So far we’ve somehow managed to avoid talking about the onscreen Smart
TV interface LG has introduced for 2013 – even though it’s actually a
very nice system indeed for the most part.
Rather than splitting
its content over multiple home ‘hub’ screens like Samsung and Panasonic
do this year, LG’s approach is to populate a single hub with various
themed content ‘folders’ or cards providing direct links to associated
default set up for these folders finds a Premium folder up first
containing all the key online video service providers contained on LG’s
platform; then there’s a 3D World folder providing direct access to
streamed programmes on LG’s own 3D World channel; a Smart World card
providing access to information-based apps and LG’s Cloud (more on this
latter app presently); Game World aggregating all the games carried by
LG’s platform; and Smart Share, which shows stuff collected from your
connected mobile devices, PCs and USB drives.
maximum of three of these folders is shown on screen at any one time,
so that the icons can be kept large and easy to select using the magic
remote. You scroll along between pages of folders just by moving the
cursor to the left or right side of the screen.
opening Smart page also happily shows a shrunken version of the TV
programme you were watching when you hit the remote’s Smart button. We
were a bit annoyed to find a fairly large advert box beneath the TV
screen, though; we really don’t see why we should have to suffer ads
when we’ve paid so much for a TV – especially as the ads inevitably
occupy space that could be filled instead with extra content shortcuts.
other niggle with the Smart Hub layout is that if you scroll right to
access the extra content shortcut cards/folders, the TV screen
disappears. Surely it would have been better if the TV screen had been
locked permanently in position at the left of the screen while the
content folders scrolled separately, without forcing the TV picture to
Each folder/card on the Smart hub shows eight direct
links on the home hub screen, with other options available by selecting
the ‘More’ tab at each folder/card’s top left corner.
to these folder/card link icons a row of further feature and content
shortcuts along the menu screens’ bottom edge and you’ve got a system
that looks busy, showcases lots of apps you might not have seen if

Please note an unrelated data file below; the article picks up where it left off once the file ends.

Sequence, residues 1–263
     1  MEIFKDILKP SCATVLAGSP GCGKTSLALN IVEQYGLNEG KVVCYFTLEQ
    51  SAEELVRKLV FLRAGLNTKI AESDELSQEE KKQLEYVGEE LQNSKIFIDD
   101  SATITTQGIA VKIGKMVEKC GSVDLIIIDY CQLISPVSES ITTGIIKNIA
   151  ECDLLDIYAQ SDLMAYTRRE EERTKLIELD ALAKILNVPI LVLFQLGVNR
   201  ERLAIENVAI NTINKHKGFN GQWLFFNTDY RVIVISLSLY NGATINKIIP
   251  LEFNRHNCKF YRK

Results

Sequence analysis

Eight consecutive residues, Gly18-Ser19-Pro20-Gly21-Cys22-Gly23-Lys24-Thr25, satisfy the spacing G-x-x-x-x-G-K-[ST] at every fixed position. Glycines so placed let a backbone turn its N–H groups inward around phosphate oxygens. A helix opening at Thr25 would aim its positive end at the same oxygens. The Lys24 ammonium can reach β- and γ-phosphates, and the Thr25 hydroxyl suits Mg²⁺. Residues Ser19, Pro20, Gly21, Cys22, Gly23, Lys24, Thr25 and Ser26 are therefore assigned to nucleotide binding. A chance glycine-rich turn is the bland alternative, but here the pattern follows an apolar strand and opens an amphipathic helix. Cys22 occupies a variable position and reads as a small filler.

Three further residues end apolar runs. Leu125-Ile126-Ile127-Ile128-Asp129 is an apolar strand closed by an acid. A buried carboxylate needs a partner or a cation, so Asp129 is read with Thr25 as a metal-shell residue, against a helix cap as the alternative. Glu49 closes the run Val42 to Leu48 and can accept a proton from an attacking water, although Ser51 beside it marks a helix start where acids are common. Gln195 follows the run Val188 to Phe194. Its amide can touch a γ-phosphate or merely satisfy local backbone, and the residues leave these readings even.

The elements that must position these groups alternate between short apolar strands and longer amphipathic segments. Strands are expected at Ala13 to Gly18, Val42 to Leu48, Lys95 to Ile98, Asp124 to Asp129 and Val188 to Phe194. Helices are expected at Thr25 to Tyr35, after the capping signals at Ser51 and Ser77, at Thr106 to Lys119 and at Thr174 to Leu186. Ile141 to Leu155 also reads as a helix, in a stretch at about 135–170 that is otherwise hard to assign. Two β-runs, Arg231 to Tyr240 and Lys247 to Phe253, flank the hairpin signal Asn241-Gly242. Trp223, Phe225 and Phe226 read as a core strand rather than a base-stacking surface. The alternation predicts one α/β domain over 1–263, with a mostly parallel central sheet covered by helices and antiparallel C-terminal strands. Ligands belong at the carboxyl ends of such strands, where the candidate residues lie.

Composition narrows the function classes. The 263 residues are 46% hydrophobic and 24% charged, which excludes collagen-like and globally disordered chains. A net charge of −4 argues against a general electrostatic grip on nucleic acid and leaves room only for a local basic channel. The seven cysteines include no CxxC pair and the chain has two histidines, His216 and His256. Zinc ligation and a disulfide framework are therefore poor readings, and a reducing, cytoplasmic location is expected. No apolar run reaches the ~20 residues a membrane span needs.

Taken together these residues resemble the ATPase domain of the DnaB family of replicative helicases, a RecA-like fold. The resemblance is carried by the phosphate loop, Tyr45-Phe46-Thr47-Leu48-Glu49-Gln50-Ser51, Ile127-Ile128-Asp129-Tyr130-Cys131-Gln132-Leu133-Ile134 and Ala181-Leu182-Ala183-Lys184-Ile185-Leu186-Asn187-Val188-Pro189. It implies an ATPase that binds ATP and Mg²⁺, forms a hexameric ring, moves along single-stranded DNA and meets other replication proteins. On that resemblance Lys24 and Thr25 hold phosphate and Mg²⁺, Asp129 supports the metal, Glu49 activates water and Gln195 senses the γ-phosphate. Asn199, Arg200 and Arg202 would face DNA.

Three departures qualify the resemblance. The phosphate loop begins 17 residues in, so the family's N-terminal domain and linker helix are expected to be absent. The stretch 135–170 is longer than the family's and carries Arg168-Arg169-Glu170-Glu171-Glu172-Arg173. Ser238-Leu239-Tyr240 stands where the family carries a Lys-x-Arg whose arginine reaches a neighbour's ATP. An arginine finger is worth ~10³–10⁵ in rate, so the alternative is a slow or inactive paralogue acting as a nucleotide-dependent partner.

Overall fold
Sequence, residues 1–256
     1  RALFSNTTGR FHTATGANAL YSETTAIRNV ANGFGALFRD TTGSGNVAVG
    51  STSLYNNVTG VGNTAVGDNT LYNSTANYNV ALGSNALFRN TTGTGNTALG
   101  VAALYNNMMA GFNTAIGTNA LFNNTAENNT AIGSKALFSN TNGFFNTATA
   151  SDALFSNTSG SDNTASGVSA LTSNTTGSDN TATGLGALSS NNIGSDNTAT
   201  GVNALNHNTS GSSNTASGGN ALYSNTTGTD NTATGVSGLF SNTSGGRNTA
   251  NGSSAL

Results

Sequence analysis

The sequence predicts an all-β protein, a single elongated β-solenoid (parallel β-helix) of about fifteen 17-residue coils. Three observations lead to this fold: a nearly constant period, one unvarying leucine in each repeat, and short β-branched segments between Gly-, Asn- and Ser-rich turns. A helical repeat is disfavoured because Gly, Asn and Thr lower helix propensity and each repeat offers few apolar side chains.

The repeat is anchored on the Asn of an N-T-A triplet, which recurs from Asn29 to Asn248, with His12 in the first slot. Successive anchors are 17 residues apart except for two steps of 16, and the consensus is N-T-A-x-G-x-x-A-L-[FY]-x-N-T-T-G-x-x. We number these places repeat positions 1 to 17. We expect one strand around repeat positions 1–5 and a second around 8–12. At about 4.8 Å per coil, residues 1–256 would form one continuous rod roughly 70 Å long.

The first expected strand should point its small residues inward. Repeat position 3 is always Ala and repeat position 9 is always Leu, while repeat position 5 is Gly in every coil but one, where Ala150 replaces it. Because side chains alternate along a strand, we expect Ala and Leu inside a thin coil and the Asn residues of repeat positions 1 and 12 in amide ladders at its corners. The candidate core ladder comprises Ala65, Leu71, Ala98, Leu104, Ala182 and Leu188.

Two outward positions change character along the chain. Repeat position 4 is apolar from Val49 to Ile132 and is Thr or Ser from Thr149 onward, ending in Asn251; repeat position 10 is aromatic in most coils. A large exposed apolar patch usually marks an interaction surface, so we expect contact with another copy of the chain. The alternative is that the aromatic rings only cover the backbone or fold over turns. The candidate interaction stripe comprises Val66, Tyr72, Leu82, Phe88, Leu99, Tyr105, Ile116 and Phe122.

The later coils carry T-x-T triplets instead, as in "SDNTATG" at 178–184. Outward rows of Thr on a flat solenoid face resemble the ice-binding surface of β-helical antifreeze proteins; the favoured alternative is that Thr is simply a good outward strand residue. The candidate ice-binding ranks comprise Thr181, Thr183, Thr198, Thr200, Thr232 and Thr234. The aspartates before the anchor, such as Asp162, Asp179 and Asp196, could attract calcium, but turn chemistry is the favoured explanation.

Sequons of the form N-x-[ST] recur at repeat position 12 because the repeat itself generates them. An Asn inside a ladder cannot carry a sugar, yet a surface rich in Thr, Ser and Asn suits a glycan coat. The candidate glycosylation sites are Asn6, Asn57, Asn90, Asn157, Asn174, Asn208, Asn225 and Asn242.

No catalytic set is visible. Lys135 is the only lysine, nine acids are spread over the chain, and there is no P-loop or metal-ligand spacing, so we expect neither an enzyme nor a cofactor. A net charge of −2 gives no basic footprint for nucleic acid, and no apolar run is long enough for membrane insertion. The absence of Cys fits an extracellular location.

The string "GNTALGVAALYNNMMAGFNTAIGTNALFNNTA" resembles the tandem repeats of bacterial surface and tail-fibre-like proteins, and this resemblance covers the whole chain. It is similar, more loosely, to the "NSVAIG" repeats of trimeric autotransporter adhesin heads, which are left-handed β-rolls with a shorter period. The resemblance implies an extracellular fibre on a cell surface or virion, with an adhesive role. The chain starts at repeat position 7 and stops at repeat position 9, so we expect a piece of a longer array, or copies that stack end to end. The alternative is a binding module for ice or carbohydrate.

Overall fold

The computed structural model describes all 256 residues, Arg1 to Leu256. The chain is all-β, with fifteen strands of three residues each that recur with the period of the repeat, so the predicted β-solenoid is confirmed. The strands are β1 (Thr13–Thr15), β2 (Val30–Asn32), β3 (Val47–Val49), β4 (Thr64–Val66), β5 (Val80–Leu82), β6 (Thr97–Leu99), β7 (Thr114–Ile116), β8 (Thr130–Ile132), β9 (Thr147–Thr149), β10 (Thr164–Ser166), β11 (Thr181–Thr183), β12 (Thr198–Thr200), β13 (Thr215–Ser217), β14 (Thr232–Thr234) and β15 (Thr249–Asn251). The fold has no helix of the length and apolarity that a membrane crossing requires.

everything was tucked away in submenus, and delivers plenty of direct
content access all without ever looking cluttered or confusing.
As with Panasonic’s excellent My Home Screen
interface, moreover, LG has provided a simple interface for creating
your own folder/card of links. However, rather bizarrely you’re only
able to import links from a very limited list into this personalised
card. You can’t, for instance, choose which video content providers you
want to have on your home card, or your preferred games.
guess LG could excuse this by saying that since you need to scroll past
the other themed cards to get to your personalised one you’re going
past all the main content folder/cards anyway, and so can get to content
in those folders/cards quicker without having to move to your
personalised menu. But personally we still think many users would have
appreciated being able to create their own folders from ALL the apps
we can see ways for further improvement of LG’s Smart TV interface in
the future, though, we need to make it absolutely clear that the
combination of the attractive, content rich menus, solid degree of
personalisation and brilliant intuitiveness of the magic remote make
LG’s Smart interface seldom less than a joy to use. Especially as the
system proved both robust and reasonably fast during our tests – a
pleasingly far cry from the rather buggy smart platforms LG has launched
in past years.
That’s it for part 1 of our exploration of LG’s
new Smart TV platform. In part two we’ll be running through the
platform’s content, and the startling number of ways LG has provided for
enabling you to access content across a range of devices.